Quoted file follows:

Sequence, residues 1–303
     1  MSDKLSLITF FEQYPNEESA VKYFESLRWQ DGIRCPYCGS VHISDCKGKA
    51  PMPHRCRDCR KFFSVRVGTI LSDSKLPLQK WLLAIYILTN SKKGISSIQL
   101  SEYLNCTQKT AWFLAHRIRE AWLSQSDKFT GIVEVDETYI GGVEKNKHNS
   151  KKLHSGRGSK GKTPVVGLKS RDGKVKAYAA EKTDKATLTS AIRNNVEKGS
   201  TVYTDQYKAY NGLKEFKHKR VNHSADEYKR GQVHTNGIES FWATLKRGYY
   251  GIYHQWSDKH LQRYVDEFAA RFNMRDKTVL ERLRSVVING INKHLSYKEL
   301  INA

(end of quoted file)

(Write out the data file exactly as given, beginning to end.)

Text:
Sequence, residues 1–303
     1  MSDKLSLITF FEQYPNEESA VKYFESLRWQ DGIRCPYCGS VHISDCKGKA
    51  PMPHRCRDCR KFFSVRVGTI LSDSKLPLQK WLLAIYILTN SKKGISSIQL
   101  SEYLNCTQKT AWFLAHRIRE AWLSQSDKFT GIVEVDETYI GGVEKNKHNS
   151  KKLHSGRGSK GKTPVVGLKS RDGKVKAYAA EKTDKATLTS AIRNNVEKGS
   201  TVYTDQYKAY NGLKEFKHKR VNHSADEYKR GQVHTNGIES FWATLKRGYY
   251  GIYHQWSDKH LQRYVDEFAA RFNMRDKTVL ERLRSVVING INKHLSYKEL
   301  INA